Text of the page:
The long holes are really, really long from the blue tees.  Most of the par fours approach 450 yards and will play significantly longer given the wind and green fairways.  The par fives aren't too bad, with the longest clocking in at 570 and the shortest at 466 yards, although it hasn't really been decided whether that hole will play as a par four or five.  I'll be highlighting individual holes from my tour in future posts.

Another decision in the works is creation of a set of tees between the blues and the current whites, which are only 6,071 yards.  While that would be fine for most of us, a length in the 6,200-6,400 yard range would have more appeal.  I also believe there should be a course shorter than the currently-listed 5,278-yard red tees.  The addition of some tees in the 4,000-yard neighborhood would make the course more accessible for youngsters, seniors, and very-occasional golfers.  That's a trend in the industry that's gaining a well-deserved toehold and the Trump organization would make a natural leader in bringing more players into the game.  Where are the stairs? I need to step off my soap box.

Trump Golf Links at Ferry Point photo by Dave Donelson

Although Ferry Point has "links" in it's name, you won't see any brown fairways a la Pinehurst No. 2.  Most golfers believe (erroneously) that green is good and brown is bad, so the turf here will be as green as hundreds of thousands of gallons of water can make it in order to appeal to the daily fee customer.  Playing conditions aside, the green fairways stand out in gorgeous contrast to the brown and yellow fescue in the rough.  It will definitely look fabulous on television (much better than Pinehurst did during the U.S. Open), but it remains to be seen if the course can play hard and fast with fairways that lush.

The design does include other links trademarks, however.  Wind will play a major role in your strategy on every hole since there are no trees or anything else to block it.  The prevailing breeze is from the southwest, but it can swirl in from the northeast off the Sound in a heartbeat.  Nicklaus did a great job on routing the course so that you will never play the same wind on two consecutive holes.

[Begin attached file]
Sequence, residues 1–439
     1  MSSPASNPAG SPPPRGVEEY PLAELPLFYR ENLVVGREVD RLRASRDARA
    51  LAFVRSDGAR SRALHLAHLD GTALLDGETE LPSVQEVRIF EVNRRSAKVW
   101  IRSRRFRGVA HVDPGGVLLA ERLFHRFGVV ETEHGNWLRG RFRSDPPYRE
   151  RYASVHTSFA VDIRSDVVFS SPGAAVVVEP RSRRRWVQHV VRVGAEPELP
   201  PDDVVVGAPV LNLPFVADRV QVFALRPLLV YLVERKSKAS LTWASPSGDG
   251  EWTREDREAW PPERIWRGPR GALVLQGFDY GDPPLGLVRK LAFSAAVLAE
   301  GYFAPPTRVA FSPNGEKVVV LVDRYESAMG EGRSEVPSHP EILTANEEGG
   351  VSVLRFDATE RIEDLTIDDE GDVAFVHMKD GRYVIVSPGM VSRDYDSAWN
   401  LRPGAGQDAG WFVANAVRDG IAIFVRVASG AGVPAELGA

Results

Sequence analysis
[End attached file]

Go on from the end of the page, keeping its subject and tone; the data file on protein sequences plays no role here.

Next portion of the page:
Small but nasty cross bunkers and chocolate drop fescue-covered mounds dot many fairways and make the approaches to some greens a bit more interesting. Many of the greens can be accessed with a bump-and-run or with a putter from the fairway if you take the soft turf into account.   The greens themselves are large enough to support the many pin positions needed for heavy daily fee play.  They are well-contoured but not fun house roller coasters.

Donald Trump threw out the initial permanent clubhouse designs because they didn't meet his high standards, but the facility is expected to be finished next year and promises to have magnificent views of the course, Long Island Sound, the Whitestone Bridge, and the Manhattan skyline, not to mention many of the first class amenities that are standard at Trump's private clubs.

One thing Ferry Point will also have is a practice facility to rival anything in the NY market, public or private.  There's a small warm-up green next to the first tee, but the real practice green is 15,000 square feet. It's next to a 65-yard short game area and not far from the 400-yard driving range that's 120 yards wide.

What makes Ferry Point so significant?  It will be far and away the best daily fee golf experience in the New York market when it opens.  You can count on one hand the truly fine public golf courses within an hour of Manhattan, and on one finger those within fifteen minutes.  That finger points to Trump Golf Links at Ferry Point.

Among many other books, Dave Donelson is the author of Weird Golf: 18 tales of fantastic, horrific, scientifically impossible, and morally reprehensible golf

Saturday, July 26, 2014

PowerBilt DFX Driver Takes Next Step

Seldom do we equate Mixed Martial Arts with golf, but somehow there is a connection when it comes to the DFX Driver from PowerBilt.  The new iteration of the Air Force One Driver has a muscular feel and "anything goes" look that makes you believe you, too, can pound the bejesus out of your opponent in the, the tee.

DFX stands for Deep Face Extreme and you can see the difference standing over the ball. The clubface is now 5 mm deeper than the previous version, so it gives you a greater opportunity to catch the ball higher on the clubface for greater altitude.  The use of nitrogen under pressure rather than structural bracing inside gives the DFX a larger sweet spot, too.